From there, executive branch agencies like the Food and Drug Administration and the Environmental Protection Agency send their rules to the White House Office of Management and Budget’s Office of Information and Regulatory Affairs (OIRA), which reviews the projected costs and benefits of those agencies’ major new rules, as well as the suggestions of other agencies, before the final rule is published and implemented. At independent agencies like the Securities and Exchange Commission (SEC) and the CFTC, a bipartisan panel of commissioners publicly debates and votes on the rule—a process that often results in further revisions and compromises.

Like the rest of us, rule makers use the Track Changes feature in Microsoft Word, which assigns a different color font to each contributor. By the time a complex rule has made it through this whole process, it is “lit up like a Christmas tree,” said Leland Beck, who worked for various agencies for thirty years and practiced administrative law. “A rule becomes a decision on all the comments and revisions and compromises between agencies and all the individuals who got their hands on it.” Eventually the agency publishes a final rule, which is implemented and enforced. Voilá .

Or that’s how it’s supposed to work. But like many things in Washington, that’s just half the story. The rule-making process is actually a much messier, much more cacophonous affair, dictated to a large degree by lawmakers who voted against the law to begin with, and by industry groups who would often prefer that no rules be implemented at all. In the last decade, conservative members of Congress have built ever-higher hurdles that agencies must clear, and done so while cutting their staff and budgets.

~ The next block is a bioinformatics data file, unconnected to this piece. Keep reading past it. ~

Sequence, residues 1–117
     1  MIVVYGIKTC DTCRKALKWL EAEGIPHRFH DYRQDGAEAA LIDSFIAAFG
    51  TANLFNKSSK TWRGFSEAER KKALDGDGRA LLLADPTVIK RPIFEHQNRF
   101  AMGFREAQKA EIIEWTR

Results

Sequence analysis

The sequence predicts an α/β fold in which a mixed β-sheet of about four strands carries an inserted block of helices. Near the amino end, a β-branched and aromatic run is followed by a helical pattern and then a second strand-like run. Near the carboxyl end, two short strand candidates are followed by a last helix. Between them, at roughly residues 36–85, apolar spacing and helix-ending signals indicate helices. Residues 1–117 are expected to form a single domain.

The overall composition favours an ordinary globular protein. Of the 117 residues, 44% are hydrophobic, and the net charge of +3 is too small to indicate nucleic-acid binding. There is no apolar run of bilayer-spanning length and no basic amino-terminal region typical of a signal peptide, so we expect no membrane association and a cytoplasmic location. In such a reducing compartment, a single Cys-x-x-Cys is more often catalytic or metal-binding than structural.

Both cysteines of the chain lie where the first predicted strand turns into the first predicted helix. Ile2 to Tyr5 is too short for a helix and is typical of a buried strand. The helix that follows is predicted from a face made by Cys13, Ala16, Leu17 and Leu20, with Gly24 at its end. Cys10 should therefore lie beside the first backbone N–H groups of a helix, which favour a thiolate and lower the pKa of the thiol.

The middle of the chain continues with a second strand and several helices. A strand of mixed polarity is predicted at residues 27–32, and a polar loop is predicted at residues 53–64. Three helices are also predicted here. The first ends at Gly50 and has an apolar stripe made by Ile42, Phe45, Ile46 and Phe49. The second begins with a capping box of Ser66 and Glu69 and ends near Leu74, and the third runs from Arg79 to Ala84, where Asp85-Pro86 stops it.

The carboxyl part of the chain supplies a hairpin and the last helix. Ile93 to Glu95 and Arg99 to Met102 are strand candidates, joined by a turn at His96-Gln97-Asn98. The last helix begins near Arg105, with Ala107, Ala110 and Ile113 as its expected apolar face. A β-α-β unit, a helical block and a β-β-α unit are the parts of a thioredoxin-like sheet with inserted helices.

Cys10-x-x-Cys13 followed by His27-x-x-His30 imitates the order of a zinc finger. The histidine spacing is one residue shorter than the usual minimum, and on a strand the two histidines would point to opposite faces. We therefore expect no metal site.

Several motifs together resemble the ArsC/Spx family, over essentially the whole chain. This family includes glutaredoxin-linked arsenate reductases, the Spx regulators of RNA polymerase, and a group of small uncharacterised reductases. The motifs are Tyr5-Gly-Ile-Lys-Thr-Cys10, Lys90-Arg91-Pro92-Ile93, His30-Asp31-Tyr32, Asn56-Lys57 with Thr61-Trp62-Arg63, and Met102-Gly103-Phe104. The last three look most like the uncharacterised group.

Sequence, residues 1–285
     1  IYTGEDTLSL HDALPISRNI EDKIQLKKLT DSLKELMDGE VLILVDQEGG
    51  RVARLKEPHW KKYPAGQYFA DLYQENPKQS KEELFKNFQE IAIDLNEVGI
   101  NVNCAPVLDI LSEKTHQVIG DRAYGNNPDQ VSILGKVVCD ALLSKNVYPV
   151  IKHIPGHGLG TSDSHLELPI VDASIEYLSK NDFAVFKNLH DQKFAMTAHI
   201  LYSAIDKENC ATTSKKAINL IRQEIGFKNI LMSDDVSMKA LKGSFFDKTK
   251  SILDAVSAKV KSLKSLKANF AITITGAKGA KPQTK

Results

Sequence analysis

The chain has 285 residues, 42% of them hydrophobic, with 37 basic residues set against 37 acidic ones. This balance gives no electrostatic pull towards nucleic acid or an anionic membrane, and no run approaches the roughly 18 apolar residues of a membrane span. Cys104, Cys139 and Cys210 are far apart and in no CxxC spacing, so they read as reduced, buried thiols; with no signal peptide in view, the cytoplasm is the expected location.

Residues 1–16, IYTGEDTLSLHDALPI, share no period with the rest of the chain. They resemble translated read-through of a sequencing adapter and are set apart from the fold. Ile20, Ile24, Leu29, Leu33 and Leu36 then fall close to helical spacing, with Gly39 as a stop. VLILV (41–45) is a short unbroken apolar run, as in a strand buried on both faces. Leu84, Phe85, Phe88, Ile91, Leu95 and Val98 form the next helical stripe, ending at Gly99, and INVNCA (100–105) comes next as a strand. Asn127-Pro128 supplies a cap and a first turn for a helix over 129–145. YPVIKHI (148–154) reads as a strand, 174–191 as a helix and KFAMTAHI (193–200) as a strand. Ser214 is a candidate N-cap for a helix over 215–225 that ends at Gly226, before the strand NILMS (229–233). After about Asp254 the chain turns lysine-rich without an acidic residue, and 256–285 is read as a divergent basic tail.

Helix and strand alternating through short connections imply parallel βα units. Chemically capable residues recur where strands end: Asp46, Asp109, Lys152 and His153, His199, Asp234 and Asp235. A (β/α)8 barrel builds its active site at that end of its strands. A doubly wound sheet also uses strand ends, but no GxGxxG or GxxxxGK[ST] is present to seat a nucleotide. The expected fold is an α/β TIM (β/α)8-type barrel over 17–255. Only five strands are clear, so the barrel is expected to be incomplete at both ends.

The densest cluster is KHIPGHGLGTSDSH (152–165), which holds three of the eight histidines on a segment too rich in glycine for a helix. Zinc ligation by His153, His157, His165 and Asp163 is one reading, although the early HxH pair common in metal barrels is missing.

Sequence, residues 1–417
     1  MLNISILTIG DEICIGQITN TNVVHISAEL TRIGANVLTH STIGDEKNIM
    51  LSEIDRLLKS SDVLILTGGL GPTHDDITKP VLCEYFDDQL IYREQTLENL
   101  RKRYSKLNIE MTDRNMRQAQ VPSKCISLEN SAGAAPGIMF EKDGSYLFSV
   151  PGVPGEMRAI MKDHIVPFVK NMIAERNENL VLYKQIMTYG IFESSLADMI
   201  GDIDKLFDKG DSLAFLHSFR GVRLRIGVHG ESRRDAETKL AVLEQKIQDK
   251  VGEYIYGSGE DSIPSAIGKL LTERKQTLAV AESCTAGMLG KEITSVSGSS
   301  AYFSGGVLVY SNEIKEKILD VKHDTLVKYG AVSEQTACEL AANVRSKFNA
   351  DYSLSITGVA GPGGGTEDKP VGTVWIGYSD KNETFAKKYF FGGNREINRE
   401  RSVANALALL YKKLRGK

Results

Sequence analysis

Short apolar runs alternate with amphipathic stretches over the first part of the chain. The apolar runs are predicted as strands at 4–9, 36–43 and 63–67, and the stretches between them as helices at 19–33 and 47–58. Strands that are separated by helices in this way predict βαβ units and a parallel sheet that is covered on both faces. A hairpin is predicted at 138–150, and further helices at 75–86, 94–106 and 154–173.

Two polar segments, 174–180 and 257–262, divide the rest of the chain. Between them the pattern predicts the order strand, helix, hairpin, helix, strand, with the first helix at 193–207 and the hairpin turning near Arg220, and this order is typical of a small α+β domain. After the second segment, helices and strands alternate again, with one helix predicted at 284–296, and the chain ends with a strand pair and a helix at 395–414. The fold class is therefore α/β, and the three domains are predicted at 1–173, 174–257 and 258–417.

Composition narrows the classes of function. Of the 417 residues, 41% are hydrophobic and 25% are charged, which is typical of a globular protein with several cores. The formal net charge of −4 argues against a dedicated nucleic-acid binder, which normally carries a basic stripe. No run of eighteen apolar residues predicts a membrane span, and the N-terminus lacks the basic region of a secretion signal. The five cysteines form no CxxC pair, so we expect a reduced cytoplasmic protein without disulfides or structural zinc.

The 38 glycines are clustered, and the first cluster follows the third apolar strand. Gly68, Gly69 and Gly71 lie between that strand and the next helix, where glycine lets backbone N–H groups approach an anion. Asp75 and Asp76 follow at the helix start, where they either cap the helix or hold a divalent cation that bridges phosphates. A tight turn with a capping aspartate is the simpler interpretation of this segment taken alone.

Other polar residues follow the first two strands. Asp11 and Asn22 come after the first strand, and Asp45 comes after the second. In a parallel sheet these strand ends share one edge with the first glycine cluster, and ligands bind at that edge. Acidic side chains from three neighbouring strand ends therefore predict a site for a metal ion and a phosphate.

Meanwhile, since the passage of Dodd-Frank, financial industry groups have also sabotaged parts of the APA’s carefully plodding process, overwhelming rule makers with biased information and fear tactics and threatening to sue the agencies over every perceived infraction. That’s a big reason why agencies have missed so many of their deadlines for implementing Dodd-Frank—a subtlety reporters frequently miss. (See “Why Agencies Are Always Missing Their Deadlines.”)

“It’s just this constant, never-ending onslaught,” a former SEC staffer told me. “You’re doing battle every day.”

The Gauntlet, Stage 1: Asymmetric warfare in rule making

Public interest and consumer advocates tend to describe the fight over the rules of Dodd-Frank in martial terms. “It’s like World War II,” said Dennis Kelleher, the president and CEO of the nonprofit Better Markets. “There’s the Pacific theater, the Atlantic, the European, the African theater—we’re fighting on all fronts.” Former Senator Ted Kaufman, an outspoken advocate for financial reform, says it’s “more like guerrilla warfare.” The reformers are trying “to make it at the margins, but they’re totally outgunned,” he said.

The financial industry certainly has a spectacularly enormous arsenal. Since the passage of Dodd-Frank, the industry has spent an estimated $1.5 billion on registered lobbyists alone—a number that most dismiss as comically low, as it doesn’t take into account the industry’s much more influential allies and proxies, including a battalion of powerful trade groups, like the U.S. Chamber of Commerce, Business Roundtable, and American Bankers Association. It also doesn’t take into account the public relations firms and think tanks, or the silos of campaign cash the industry has dumped into lawmakers’ reelect-
ion campaigns.

Haley Sweetland Edwards is an editor of the Washington Monthly.


  • Anonymous on March 04, 2013 1:07 AM:

    holy crap.
    well, Democracy was a nice idea. Hopefully some other country will take the ball and run with it but it seems pretty much like a dead experiment here.

  • Rabbler on March 04, 2013 11:48 PM:

    Isn't this what happens when one's greatest accomplishments are vaguely written to enable passage? Of course that couldn't be Obama's fault even though they are his greatest accomplishments. 9 pages of excuses. Is it even possible for Obama to fail?